This day marks a lovely celebration in Eurovision history as it’s the 50th anniversary from Eurovision Song Contest 1971 where Monaco became the only microstate to ever win the show. So what a better way to celebrate than getting remembered of the amazing edition of the contest which happened a half of a century ago.
The 16th edition of Eurovision took place at Gaiety Theatre in Dublin, Ireland following Dana’s win with “All Kinds of Everything” in Amsterdam and it was hosted by an Irish television presenter Bernadette Ní Ghallchóir. It is good to note that his was the second time RTÉ did an outside broadcast in colour, the first had been earlier the same year for the GAA Railway Cup finals. Several days later the contest was broadcast in Iceland, the United States and Hong Kong. The total of 18 countries participated in the show equaling the record set by Eurovision 1965 and 1966. Belgium, Germany, France, Ireland, Italy, Luxembourg, Monaco, Netherlands, Spain, Switzerland, United Kingdom and Yugoslavia were joined by Austria who returned to the contest after their two-year absence, while Finland, Norway, Portugal and Sweden all returned after their one-year absence which was caused by them protesting the four-way tie which happened in 1969. It also featured a first debut after Ireland 1965 as Malta joined Eurovision. The only country which participated in the previous editions of the show but hasn’t joined Eurovision 1971 was Denmark who came back to the show in 1978 after 11 years of absence. It was a first time preview shows were introduced which obligated all participating countries to provide a music video of their Eurovision entry and to broadcast all of the participating songs ahead of the contest.
Eurovision 1971 featured songs in 13 languages, 4 songs in French, 2 in English and Dutch and 1 in Maltese, German, Spanish, Italian, Swedish, Portuguese, Serbo-Croatian, Finnish, Norwegian and Viennese German (a city dialect spoken in the Austrian capital). It featured 13 solo acts 2 duets and 3 groups (if we count the Finnish act as one of it too given the fact that Markku Aro had the support of The Koivisto Sisters). Two artists made their return to the show, Jacques Raymond represented Belgium in 1963 and Katja Ebstein ended on third place at her debut the year before and she also made the return to the contest in 1980. Katja wasn’t the only artist which took part at Eurovision 1971 who made their return to the show, alongside her the ones who made their return were Swedish band Family Four the following year, Italian singer Massimo Ranieri at Eurovision 1973, Finnish Anja Koivisto of Koivistolaiset who came back at Eurovision 1976 as one of “The Friends”, Swiss group Peter, Sue and Marc who returned in 1976, 1981 & 1976 with Pfuri Gorps & Kniri, Norwegian singer, Hanne Krogh who came back to Eurovision 1985 as a member of the winning duo, Bobbysocks and later in 1991 as member of Just 4 Fun.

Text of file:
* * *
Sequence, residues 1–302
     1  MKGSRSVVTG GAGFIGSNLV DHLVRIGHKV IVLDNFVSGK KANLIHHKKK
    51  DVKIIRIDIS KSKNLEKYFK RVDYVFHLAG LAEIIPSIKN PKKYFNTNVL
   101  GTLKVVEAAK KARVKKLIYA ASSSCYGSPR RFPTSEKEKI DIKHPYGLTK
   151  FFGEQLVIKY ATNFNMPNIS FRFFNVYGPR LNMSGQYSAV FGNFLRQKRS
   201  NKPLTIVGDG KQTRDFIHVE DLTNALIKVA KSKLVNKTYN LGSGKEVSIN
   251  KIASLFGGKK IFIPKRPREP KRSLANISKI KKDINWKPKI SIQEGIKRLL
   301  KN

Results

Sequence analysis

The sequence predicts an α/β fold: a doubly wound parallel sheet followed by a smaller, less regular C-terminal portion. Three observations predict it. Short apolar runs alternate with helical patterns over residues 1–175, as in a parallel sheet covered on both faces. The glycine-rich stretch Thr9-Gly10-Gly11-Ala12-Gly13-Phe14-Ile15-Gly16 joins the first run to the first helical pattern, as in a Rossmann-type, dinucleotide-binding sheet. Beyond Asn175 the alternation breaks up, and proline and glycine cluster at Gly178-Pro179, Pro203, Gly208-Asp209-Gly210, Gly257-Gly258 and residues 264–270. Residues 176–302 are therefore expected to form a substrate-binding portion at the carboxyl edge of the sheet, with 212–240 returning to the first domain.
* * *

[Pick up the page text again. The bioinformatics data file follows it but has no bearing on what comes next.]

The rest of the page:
After the juries of all participating countries presented their votes it was revealed that Séverine with “Un banc, un arbre, une rue” who represented Monaco won with the record amount of 128 points, following the new voting system. Spain was the runner up getting 116 points represented by Karina who sang “En un mundo nuevo” and Germany ended on third place with Katja Ebstein – “Diese Welt” who got 100 points.This edition of the show also introduced some new rules as the rule of performing solo or as a duet was abolished and it was the first time when groups of up to six people were allowed to perform at the Eurovision stage. And the voting system changed. For the first time votes of each country were decided by two member jury (first being older and the second younger than 25 with at least ten years difference between the ages). Both of them could award between one and five points for each of the countries, except their own. The minimum amount of points jury of each country could award was 2, maximum was 10. This voting system meant that no country could score fewer than 34 points (17 countries voted) and the maximum score being 170. The same voting system was used the following two years for the Eurovision 1972 and 1973 before it got changed for the contest held in 1974. You can check the first part of the exciting voting HERE, the second HERE and the last one HERE.
Séverine (Josiane Grizeau) is a French singer born in Paris on 10th of October 1948 and she won Eurovision 1971 with, “Un banc, un arbre, une rue”, was composed by Jean-Pierre Bourtayre and the lyrics were written by Yves Dessca. It reached the Top 10 in Belgium, Norway, Ireland, France, Switzerland & United Kingdom. The song had the German language version “Mach die Augen zu” which made to top 20 in Germany in addition to it it was recorded in English . with the title “Chance in Time” and Italian as “Il posto”. Séverine took a chance at the German national finals in 1975 and 1982 but hasn’t succeed to win the Eurovision ticket. The last time Monaco took part at the final of Eurovision was in 1979, they came back to the show in 2004 and withdrew in 2006 without managing to qualify through the semifinal round in those three years. You can check the performance of “Un banc, un arbre, une rue” at Eurovision 1971 below
Would you like to see Monaco return at Eurovision Song Contest? What are your impressions of Eurovision 1971? Let us know in the comments below and at our social media links!